One of my bright students shared a video that he had seen in a science class. The video is called The Evolutionary Arms Race (aired on PBS, WGBH 2001) and the part he shared was the practice of the tropical leaf cutter ant.
These ants cut leaves and carry them to their nests to feed them to a fungus which the ants in turn eat. In the process of feeding and caring for the fungus, ants seemed to develop a sort of white sticky film on their bodies.
It was discovered that the fungus has a predator—a mold. This white sticky film is a bacteria secreted by the ants that kills the mold. So the ant secretes an organic pesticide to get rid of a weed it doesn’t want growing in its garden.In your opinion, would these ants be breaking the law of limited competition?
Of course, our population may be growing too fast for our beliefs about the “sanctity of human life” to change enough to tolerate cannibalism. But what do you think about the possibility? Might we simply become a cannibalistic society and continue on our normal course?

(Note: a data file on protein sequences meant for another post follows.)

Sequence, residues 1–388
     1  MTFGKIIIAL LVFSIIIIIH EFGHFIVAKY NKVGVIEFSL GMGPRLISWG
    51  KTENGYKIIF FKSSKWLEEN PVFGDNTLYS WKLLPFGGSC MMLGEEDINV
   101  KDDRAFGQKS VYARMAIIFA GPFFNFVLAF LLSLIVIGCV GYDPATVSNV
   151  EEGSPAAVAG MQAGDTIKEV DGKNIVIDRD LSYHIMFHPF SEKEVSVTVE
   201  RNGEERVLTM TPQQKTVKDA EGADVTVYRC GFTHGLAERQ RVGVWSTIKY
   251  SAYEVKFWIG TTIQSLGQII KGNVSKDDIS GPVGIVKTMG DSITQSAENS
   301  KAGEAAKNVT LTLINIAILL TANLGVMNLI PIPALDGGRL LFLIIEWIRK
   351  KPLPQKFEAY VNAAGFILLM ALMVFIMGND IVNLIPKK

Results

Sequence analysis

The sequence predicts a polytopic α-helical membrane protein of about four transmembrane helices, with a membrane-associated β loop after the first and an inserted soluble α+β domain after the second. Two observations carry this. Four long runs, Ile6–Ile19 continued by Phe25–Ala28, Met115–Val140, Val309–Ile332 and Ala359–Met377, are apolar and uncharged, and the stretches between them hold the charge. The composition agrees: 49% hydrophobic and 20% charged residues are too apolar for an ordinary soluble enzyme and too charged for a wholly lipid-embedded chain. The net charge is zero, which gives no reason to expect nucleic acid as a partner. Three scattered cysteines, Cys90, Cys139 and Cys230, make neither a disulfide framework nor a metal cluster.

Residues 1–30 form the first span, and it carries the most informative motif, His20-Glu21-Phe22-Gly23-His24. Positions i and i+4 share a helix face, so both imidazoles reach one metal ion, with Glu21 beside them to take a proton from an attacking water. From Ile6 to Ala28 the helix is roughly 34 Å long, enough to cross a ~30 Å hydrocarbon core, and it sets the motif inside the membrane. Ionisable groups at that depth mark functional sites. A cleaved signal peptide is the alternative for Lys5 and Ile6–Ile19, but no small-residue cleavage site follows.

You suggest in The Story of B that putting the food behind lock and key was the first step, so it would seem that capitalism was the outgrowth of that. If that were to be eliminated, what would differentiate tribalism from a sort of de-centralized communism?
Meanwhile in a response to another question, #552, you described the Maya as Leavers. But didn’t the Maya put food under lock and key and force people to work to get it back? Or if they didn’t, how did their civilization exist? Or is the difference simply that the Maya considered that they had a choice with regard to what they did with their food, as proven by the fact they eventually did return to a lifestyle in which food is “free for the taking”?